L&A Contracting Company v. State of Louisiana, et.al. 2023 WL 5281846

Recent First Circuit Decisions Holds Payment Bond Surety Liable Despite Release of Lien Bond Filing

Authors: Michael S. Blackwell and Robyn A. Brown

The Louisiana First Circuit’s recent ruling on public works project involving the Louisiana Department of Transportation and Development (“DOTD”) found that even when a release of lien bond is filed to cancel a statement of claim, the payment bond surety for the project can still be liable for a supplier’s nonpayment.

L&A Contracting Company v. State of Louisiana arises out of a public construction project to repair the U.S. Highway 11 bridges over Lake Pontchartrain (“Project”). The Project was owned by the DOTD and governed by La. R.S. 48:256.3, referred to as “DOTD Public Works Act.”  DOTD executed a contract (“Contract”) with L&A Contracting Company (“L&A) to perform repair work, which included repair of bridge support pilings.  

Prior to submitting their bid on the Project, L&A obtained quotes including from Vector Corrosion Technologies, Inc. (“Vector”) for the cost of the pile jacket assemblies. Ultimately, L&A contracted with another subcontractor who in turn entered into a purchase agreement with Vector to supply the pile jacket assemblies. After DOTD issued notice to proceed authorizing L&A to commence work on the Project, Liberty Mutual Insurance Company (“Liberty Mutual”), as L&A’s surety issued the statutory payment bond in accordance with La. R.S. 48:256.3.

At some point, L&A advised the DOTD that it would submit the remaining requests for stockpile payments – – which allowed a form of early payment under Section 109.06 of the DOTD’s governing specifications – – for the pile jacket assemblies with invoices from Vector, and noted these were at a lesser price compared to the marked up price submitted by L&A’s subcontractor for the pile jacket assemblies.

L&A and DOTD agreed to terminate the Project after they were unable to reach an amicable resolution on the unpaid balance of $968,019.80 owed to Vector viz-a-viz L&A, which DOTD claimed contained overpayments for the stockpiled materials on the Project.  Subsequently, Vector filed a sworn statement of claim (“the Lien”), preserving its privilege and right to recover the $968,019.80 owed for the Project. L&A then filed a release of lien bond from Fidelity and Deposit Company of Maryland (“Fidelity”) pursuant to La. R.S. 48:256.7 in connection with Vector’s statement of claim.

In the resulting lawsuit, and among other claims pending within it, Vector also sought summary judgment against L&A as the Project’s contractor, Liberty Mutual on the payment bond, and Fidelity as the lien bond surety, as well as attorney fees from all of them.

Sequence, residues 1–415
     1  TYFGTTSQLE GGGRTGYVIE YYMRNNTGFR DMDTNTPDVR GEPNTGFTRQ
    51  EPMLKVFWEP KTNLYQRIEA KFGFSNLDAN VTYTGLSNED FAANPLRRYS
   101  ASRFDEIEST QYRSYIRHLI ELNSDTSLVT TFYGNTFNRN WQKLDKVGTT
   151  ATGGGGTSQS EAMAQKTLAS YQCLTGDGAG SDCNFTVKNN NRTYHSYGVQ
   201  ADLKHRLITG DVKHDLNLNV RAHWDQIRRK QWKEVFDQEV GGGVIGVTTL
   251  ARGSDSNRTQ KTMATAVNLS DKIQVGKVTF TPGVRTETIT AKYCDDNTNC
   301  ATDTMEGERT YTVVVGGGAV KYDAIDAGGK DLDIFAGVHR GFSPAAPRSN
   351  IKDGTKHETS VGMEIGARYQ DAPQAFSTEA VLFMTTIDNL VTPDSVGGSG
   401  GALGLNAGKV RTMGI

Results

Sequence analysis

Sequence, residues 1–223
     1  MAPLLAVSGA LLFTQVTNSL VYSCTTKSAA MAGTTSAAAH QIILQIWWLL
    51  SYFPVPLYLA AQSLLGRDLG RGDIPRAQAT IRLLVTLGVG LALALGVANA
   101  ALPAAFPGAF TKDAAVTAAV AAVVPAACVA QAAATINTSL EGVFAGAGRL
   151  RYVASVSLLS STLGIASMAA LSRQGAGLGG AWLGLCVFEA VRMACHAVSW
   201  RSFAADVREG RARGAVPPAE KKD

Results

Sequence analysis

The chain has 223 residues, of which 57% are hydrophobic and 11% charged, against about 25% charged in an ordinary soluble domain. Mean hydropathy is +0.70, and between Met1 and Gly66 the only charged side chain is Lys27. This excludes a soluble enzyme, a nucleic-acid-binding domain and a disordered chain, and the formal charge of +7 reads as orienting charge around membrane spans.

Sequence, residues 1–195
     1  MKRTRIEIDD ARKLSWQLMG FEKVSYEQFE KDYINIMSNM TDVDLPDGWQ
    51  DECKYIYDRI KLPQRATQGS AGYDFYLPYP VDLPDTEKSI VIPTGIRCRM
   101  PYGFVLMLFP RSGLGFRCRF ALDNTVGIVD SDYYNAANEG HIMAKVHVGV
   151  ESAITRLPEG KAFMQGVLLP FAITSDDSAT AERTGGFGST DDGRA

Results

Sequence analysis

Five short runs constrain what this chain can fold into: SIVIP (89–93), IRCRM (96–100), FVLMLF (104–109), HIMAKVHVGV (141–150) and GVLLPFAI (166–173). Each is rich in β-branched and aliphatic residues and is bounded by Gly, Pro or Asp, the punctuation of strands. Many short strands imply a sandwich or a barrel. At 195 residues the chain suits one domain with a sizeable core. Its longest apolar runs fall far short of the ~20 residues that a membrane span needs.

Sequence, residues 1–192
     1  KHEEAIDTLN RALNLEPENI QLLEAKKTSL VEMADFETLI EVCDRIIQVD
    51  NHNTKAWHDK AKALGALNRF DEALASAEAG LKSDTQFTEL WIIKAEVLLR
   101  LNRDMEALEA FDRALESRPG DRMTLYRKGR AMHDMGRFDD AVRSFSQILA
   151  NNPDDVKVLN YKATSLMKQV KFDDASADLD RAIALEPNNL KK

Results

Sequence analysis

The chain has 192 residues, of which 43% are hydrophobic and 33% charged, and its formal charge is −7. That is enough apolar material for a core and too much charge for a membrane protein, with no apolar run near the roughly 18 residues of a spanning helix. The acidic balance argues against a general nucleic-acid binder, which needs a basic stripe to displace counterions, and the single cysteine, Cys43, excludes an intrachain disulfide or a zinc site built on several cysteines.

In addition to other arguments the Court rejected, L&A also that Liberty Mutual’s payment bond was canceled by the filing of the release of lien bond by Fidelity. Under La. R.S. 48:256.3(A)(1), DOTD requires a contractor on a public works project exceeding $50,000.00 to furnish a payment bond. In accordance with La. R.S. 48:256.7, after Vector filed the Lien, and L&A deposited Fidelity release of lien bond, the Clerk of Court for Orleans issued a Certificate of Cancellation cancelling Vector’s lien from the mortgage records. 

L&A relied on La. R.S. 48:256.7(B) to argue that Liberty Mutual’s payment bond was canceled when Fidelity’s release of lien bond was posted which relieved Liberty Mutual of any liability.  Specifically, L&A emphasized La. R.S. 48:256.7(B)’s language that once the release of lien bond is found sufficient, then the recorder of mortgages will “cancel the statement of claim or privilege from his records by making an appropriate notation in the margin of the recorded statement.” In opposition, Vector cited La. R.S. 48:256.12 which holds in relevant part, “ [n]othing in this Part shall be construed to deprive any claimant, as defined in this Part and who has complied with the notice and recordation requirements of R.S. 48:256.5(B), of his right of action on the bond furnished pursuant to this Part”.

The Court considered the purpose of the Public Works Act and agreed with Vector.  The Court noted that La. R.S. 48:256.7 does not state that a payment bond, posted in accordance with La. R.S. 48:256.3 will be cancelled or otherwise rendered null when a release of a lien bond is deposited, nor is there any indication that the legislature intended this result. Rather the clear wording of La. R.S. 48:256.7(B) provides that the statement of claim or privilege will be canceled. The Court further noted that if the legislature intended for a release of a lien bond to cancel the statutory payment bond, it would have expressly stated this.

Moreover, the Court noted the intent of the Public Works Act is to protect laborers and suppliers of materials on public works – which is achieved by requiring a statutory payment bond. Thus, the Court held that the statutory payment bond furnished by Liberty mutual remained viable after L&A deposited Fidelity’s release of lien bond. 

From a practical standpoint, this decision effectively gives material suppliers and those claimants not in privity with the general contractor two separate avenues of recovery for unpaid amounts when a release of lien bond is filed on a public works project. On the other hand, it creates a scenario where each of the two sureties will ultimately fight over which one is forced to satisfy any judgment that a supplier may obtain. We anticipate that this is not the last time such a ruling will be addressed.